Sunday, September 29, 2013

Grand-Final Eve at the Ballet

"I'm surprised there are so many men here." remarked the dumpy little Englishman on my right. "You'd think they'd be home watching the football". Then the curtain went up on a stage full of ballerinas in classical white, convincing us they really were snowflakes dancing to the music of Tchaikovsky's Nutcracker.

The Imperial Russian Ballet Company was formed in 1994. It includes dancers from ballet companies from all over the world and its repertoire consists of well-known classics. This year's tour features highlights from some of their full-length productions.

Reading the programme I was reminded a little of a Gala Concert I once attended in Prague – it was a performance for tourists, and they managed to cram the familiar bits of about thirty five major pieces into forty minutes, with pause for applause in between. My fears were soon allayed, however.

The first part of the programme consisted of various pieces from Nutcracker, with plenty of colour and movement. The Chinese Dance in particular was very bouncy and verging on quite silly. I even managed not to think (well, not very much) about Disney's mushrooms in Fantasia.
This was a slight problem. Music that is thoroughly familiar carries with it many memories and associations, and all that cultural baggage can be distracting. Still, ballet is absolutely about the dance, isn't it? So I set aside all former experiences with Ravel's Bolero, which was a good idea as after this evening I'm never going to hear it the same way again.

According to the programme notes, Ravel was inspired by a visit to a factory where he picked up the monotonous rhythms of the production line and the thuds and bangs of heavy machinery.
The composer did great things with it, weaving a strange, oriental melody over the mechanical rhythm. The choreographer N. Androsov exploited this dissonance, blending angular, repetitive movements with sudden leaps and whirls which become more and more frenetic as the music crescendoes to its crashing climax.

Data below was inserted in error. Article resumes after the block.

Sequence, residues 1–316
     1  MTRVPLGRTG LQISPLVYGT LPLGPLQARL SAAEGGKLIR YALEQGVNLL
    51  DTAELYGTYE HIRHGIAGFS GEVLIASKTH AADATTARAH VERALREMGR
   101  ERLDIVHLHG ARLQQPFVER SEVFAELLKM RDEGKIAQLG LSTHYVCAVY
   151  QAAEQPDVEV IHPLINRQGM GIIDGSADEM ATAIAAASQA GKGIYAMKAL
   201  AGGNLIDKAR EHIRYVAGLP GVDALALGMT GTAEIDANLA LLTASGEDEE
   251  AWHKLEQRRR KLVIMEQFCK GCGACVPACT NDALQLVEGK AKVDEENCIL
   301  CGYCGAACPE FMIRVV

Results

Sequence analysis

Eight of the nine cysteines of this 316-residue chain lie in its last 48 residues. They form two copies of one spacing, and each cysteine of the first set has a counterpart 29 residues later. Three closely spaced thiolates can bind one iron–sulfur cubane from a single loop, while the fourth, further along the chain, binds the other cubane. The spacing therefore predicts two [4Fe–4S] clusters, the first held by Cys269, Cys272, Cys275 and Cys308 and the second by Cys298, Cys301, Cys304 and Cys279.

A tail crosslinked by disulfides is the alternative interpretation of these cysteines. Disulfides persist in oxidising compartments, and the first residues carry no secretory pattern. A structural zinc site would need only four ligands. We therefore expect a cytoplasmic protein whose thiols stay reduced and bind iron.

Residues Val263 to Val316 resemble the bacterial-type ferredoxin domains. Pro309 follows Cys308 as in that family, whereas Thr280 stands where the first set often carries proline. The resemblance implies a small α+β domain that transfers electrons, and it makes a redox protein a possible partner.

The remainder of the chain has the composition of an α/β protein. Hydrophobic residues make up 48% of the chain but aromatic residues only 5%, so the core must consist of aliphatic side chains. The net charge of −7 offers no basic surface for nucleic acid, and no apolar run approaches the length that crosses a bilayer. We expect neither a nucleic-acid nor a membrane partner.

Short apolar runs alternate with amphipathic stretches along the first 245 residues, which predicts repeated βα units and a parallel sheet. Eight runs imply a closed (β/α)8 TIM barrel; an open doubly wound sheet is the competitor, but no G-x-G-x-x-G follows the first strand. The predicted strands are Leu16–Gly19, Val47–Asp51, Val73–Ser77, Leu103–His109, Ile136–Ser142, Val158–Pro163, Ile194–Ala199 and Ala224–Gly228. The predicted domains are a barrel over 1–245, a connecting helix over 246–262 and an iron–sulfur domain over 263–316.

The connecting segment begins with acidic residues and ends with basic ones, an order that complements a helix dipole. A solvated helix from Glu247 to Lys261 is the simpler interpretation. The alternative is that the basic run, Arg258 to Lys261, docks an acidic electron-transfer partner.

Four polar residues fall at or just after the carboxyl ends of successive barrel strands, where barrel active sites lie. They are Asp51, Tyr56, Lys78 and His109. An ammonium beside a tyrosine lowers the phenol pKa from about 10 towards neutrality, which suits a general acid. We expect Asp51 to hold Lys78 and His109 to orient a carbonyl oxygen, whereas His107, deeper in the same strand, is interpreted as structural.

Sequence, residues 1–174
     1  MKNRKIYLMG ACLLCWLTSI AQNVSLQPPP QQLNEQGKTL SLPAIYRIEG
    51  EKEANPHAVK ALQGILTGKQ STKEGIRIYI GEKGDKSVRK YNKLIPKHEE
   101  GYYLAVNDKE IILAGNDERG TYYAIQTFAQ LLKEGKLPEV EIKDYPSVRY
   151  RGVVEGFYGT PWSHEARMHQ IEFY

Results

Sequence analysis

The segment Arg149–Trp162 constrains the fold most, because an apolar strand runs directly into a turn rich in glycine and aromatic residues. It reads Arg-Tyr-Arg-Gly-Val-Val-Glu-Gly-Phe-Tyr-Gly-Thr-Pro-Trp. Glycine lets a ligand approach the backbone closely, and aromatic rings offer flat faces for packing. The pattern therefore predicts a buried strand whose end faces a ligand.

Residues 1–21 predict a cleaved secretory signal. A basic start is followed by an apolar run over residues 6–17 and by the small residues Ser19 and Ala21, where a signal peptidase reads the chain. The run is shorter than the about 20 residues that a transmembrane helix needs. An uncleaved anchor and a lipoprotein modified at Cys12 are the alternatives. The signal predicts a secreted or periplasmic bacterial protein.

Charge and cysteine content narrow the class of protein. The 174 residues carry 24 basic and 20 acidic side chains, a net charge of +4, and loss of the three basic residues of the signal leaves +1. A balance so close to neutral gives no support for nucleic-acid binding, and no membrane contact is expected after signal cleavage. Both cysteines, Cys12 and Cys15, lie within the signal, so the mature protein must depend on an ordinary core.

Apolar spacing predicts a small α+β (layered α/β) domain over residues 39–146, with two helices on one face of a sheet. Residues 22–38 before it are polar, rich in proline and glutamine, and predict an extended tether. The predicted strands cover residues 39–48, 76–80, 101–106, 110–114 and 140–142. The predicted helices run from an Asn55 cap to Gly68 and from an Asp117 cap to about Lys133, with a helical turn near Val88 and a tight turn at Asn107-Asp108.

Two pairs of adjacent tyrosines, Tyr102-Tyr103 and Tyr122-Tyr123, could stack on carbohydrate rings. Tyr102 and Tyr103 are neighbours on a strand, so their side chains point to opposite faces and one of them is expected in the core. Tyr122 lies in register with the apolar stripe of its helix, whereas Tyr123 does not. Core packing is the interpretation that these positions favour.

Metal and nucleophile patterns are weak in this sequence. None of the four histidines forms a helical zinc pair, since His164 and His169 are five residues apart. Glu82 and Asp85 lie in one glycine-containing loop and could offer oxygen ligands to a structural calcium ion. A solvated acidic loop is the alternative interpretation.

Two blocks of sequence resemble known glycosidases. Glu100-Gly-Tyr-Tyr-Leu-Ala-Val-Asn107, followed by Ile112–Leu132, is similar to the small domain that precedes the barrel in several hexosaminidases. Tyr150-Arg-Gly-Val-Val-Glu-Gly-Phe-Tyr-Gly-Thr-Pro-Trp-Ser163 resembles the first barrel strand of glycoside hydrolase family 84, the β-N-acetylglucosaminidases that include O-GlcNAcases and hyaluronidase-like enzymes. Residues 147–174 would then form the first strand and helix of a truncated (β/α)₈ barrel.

This has to be the most blatantly sexual piece of music ever written. Add to it a stage full of incredibly beautiful, athletic young people in sinister, flowing, gold-lined black robes performing an arcane pagan ritual dance . . . Miley Cyrus may as well give up and go home.

"Torville and Dean performed to that." the helpful little Englishman informed me. I suppose somebody had to say it.

After the second interval we watched a "trailer" for Don Quixote, which the Company will be presenting in its entirety in their tour next year, and I, for one, will be saving up for a ticket! This was followed by a series of short pieces where individual dancers or couples were able to show off some of their most spectacular artistry.

Gopak
I seldom attend the ballet and am far from being an afficionado. If there was a false step or a hiccup in the timing, I remain blissfully unaware, being totally swept up in the spectacle. Dancer after dancer sprang high in the air, spun on point, twisted their body into elegantly impossible positions. High-energy performances to The Corsair and Gopak, the Ukranian dance from Soloviev-Sedoi's Taras Bulba with plenty of incredible high leaps, left me – let alone the dancers – gasping for breath.


Ne Me Quittes Pas
For the William Tell Overture everyone dressed as fashionable ladies or jockeys, bounding around the stage on imaginary horses (don't think of the Lone Ranger OR Gangnam Style, please). Other excerpts included the romantic and poignant Giselle, San Saens' Dying Swan, a lovely solo to Ne Me Quittes Pas and as finale Offenbach's Can Can, with the tallest male dancer camping it up hilariously in drag among the Can Can dancers and roués. Everybody in the audience clapped along with great enthusiasm.


The Imperial Russian Ballet Company treated us to an evening of lavish costumes and the beauty and precision that only comes from dedication, discipline and extreme physical development. If you are excited by magnificent muscular bodies, excitement and energy combined with awesome physical prowess, forget the footy grand-final. You can get all that, plus grace, artistry, colourful outfits and stirring music in much more comfort at the ballet.
My English neighbour agrees. Ballet beats football on all counts.

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